While our results showed that the computer actually did better at this restricted task than did the human actor, we are cautious about drawing general conclusions from this. Questions arise: (1) How good was the actor? (2) How does one measure ``goodness'' in an actor? (3) How appropriate was the actor for this medium, this audience, and this task? (4) How much does professional lighting, editing, and sound mixing of the human-actor presentations effect the identification task? It would be possible to control for these factors through, e.g., measuring the effectiveness of different actors for these specific tasks, seeking funding for [expensive!] professional studio time, and so forth. If this were to be pursued we might be able to make some claims about the computer being ``better'' at conveying social/emotion content in some situations than humans. However, this was not our goal. We used the human actor simply to illustrate that, as designed for the study, correct identification of the broad range of interpretations was a difficult task, and that a seventy percent identification rate was admirable.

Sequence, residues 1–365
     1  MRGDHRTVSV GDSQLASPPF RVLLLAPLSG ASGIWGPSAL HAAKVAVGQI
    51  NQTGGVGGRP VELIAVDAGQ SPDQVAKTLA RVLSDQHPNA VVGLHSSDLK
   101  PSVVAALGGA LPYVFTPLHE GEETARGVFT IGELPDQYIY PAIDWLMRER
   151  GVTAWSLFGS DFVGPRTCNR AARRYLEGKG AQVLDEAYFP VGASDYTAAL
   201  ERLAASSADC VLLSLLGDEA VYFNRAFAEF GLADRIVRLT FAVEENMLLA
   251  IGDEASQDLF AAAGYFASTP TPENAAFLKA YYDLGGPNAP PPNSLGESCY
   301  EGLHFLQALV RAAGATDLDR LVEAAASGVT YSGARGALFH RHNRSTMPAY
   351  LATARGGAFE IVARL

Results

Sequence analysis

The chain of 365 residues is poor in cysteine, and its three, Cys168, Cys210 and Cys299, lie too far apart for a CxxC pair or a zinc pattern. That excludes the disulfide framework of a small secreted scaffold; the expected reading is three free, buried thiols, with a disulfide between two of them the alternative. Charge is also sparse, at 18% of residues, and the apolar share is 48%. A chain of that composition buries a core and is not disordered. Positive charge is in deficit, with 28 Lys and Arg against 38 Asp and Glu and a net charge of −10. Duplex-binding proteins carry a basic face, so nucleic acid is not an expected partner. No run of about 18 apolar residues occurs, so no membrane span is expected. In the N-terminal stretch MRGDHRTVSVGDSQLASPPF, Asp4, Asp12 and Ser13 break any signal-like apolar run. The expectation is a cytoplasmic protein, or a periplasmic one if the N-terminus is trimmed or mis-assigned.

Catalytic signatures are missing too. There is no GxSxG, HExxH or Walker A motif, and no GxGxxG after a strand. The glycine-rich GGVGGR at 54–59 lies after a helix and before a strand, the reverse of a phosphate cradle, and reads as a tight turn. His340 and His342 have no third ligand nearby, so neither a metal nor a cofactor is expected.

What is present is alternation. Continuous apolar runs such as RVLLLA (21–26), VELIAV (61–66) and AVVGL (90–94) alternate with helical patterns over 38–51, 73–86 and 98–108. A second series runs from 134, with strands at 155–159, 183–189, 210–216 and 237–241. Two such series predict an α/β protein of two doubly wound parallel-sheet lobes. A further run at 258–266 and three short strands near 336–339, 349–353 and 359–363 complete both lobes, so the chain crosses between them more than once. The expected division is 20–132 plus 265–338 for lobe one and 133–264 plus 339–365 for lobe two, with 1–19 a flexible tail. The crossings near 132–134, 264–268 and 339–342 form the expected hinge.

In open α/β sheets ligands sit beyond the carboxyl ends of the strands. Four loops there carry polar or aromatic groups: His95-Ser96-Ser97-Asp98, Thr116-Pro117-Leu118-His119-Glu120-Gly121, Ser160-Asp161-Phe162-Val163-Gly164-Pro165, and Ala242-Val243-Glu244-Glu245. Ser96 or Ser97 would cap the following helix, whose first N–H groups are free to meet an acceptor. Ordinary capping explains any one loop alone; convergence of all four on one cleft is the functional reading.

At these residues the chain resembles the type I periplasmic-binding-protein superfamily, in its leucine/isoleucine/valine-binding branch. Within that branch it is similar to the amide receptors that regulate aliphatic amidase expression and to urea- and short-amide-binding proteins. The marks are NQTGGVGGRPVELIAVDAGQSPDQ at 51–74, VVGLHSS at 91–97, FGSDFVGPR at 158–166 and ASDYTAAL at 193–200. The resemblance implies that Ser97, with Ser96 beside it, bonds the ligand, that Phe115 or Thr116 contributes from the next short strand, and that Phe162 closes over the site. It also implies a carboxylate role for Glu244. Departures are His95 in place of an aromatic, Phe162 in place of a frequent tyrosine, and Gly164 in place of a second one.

We can also address some of these questions from a common sense perspective: Presumably our professional actor, who has spent long years honing such skills, and who was specifically coached about how to discriminate the different emotion categories (e.g., was told to use technique ``A'' instead of ``B'' - both of which were valid - for expressing a specific interpretation because it would be less likely to be confused with another interpretation to be presented later) ...presumably this professional would be at least as good at these tasks as a ``typical'' person from the population. (Anecdotally, the actor was quite good, showing an impressive range of expressiveness and flexibility in addressing the task.)

It is important, also, to note that the sentences were entirely ambiguous: long-hand ad hoc interpretations given by subjects before the presentations were given showed no patterns of interpretation whatsoever. A seventy percent correct interpretation rate, with no content clues, is rather high, considering that in practice the communication of such content, completely divorced from cues, will be rare.